Washington D.C .—The government-industry effort to produce an ultra-efficient family car is making progress in all four of its chief areas of research, where auto designers are reaping technology benefits.
The official name of the "Supercar" project, launched in 1993, is the Partnership for a New Generation of Vehicles (PNGV)-a joint undertaking by America's Big Three automakers, government agencies, and university labs to develop by 2004 a safe, low-emissions sedan that gets the equivalent of at least 80 mpg.
Progress of PNGV research was the topic of a conference this spring in Washington, DC. Here the three automakers displayed their latest hybrid-electric concept models that evolved from the program: the Dodge ESX3 from DaimlerChrysler, the Precept by General Motors, and Ford's Prodigy.
PNGV has been concentrating its current R & D on direct-injection engines, fuel cells, lightweight materials, and electric-traction systems for both hybrid and fuel cell vehicles.
Among engine successes is the development of an advanced piezoelectric injector that permits precise control of the amount and rate of fuel injection. This has opened the way for experimentation on methods of fuel injection directly into the cylinder-a proposed way of improving fuel economy and reducing emissions and noise.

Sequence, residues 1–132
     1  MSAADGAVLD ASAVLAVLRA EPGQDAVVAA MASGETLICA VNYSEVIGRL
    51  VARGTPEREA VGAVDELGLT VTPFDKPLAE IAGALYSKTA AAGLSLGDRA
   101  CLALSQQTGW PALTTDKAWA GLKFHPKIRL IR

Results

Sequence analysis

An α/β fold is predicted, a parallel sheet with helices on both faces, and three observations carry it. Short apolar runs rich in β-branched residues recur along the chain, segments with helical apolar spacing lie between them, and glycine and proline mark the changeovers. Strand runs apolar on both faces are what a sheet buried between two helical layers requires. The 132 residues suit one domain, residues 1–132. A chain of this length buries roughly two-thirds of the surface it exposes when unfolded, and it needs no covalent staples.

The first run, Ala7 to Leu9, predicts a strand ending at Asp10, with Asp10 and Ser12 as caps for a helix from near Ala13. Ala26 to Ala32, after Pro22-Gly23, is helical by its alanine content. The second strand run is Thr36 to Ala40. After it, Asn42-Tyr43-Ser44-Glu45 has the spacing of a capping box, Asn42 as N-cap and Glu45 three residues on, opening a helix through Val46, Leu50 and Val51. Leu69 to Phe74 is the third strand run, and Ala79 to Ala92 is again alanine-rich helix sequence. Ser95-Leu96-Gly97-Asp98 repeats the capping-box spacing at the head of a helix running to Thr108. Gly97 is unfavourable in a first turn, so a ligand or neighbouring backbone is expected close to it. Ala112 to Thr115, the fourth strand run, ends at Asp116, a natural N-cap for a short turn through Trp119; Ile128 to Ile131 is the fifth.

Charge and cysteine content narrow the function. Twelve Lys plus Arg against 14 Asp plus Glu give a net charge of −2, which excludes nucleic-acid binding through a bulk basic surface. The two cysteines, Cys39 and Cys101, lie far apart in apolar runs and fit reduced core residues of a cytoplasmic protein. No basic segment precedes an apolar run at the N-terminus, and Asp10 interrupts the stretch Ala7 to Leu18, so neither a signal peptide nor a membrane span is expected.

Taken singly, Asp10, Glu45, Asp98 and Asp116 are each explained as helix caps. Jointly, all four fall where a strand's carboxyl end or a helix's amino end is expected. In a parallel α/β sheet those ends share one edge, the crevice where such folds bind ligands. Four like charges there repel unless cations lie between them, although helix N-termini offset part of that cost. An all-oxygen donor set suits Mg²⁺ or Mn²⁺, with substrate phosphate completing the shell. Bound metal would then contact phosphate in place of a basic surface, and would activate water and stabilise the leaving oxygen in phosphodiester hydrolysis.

The hybrid electric propulsion system on Ford's Prodigy includes an aluminum DIATA (Direct Injection, Aluminum Through Bolt Assembly) engine, a starter/alternator, a high-power battery, and a transmission that shifts automatically but has the efficiency of a manual shift.
In fuel cell technology, PNGV researchers fruitfully tested a microchannel gasoline vaporizer unit that is only 3×4×1.5 inches. Pressure dropped less than 2 psi through the microchannels.
Also, engineers at GM's Global Alternative Propulsion Center recently demonstrated repeated freeze and quick start-up performance of GM fuel stacks down to -20C.
In PNGV research on lightweight materials, the Multimatic aluminum and polymer composite body weighs only 198 lbs compared with 629 lbs for the conventional structural shell of a car. Technicians completed static and validation testing on the body and barrier crash tested it at 30 mph.
For electric traction systems, the Department of Energy has picked two teams to research, develop, and demonstrate an automotive electric motor drive. Delphi Automotive is pursuing a 325V ac induction motor system, while Delco Remy is investigating a 132V dc brushless configuration. Final reports on the motor designs are due in 2002.
Some PNGV technology already is finding its way into conventional autos. DaimlerChrysler is going into production with a new lightweight, low-cost, recyclable thermoplastic that it plans to use on next year's Jeep Wrangler hardtops.
By 2004 Ford intends to start producing a hybrid vehicle that will get 20 to 50% better mileage than similar vehicles that run on gas alone. GM engineers, meanwhile, are designing hybrid trucks and buses as well as cars.
Commenting on the momentous task of PNGV research, DaimlerChrysler president Jim Holden says, "We're essentially inventing a new way to make automobiles."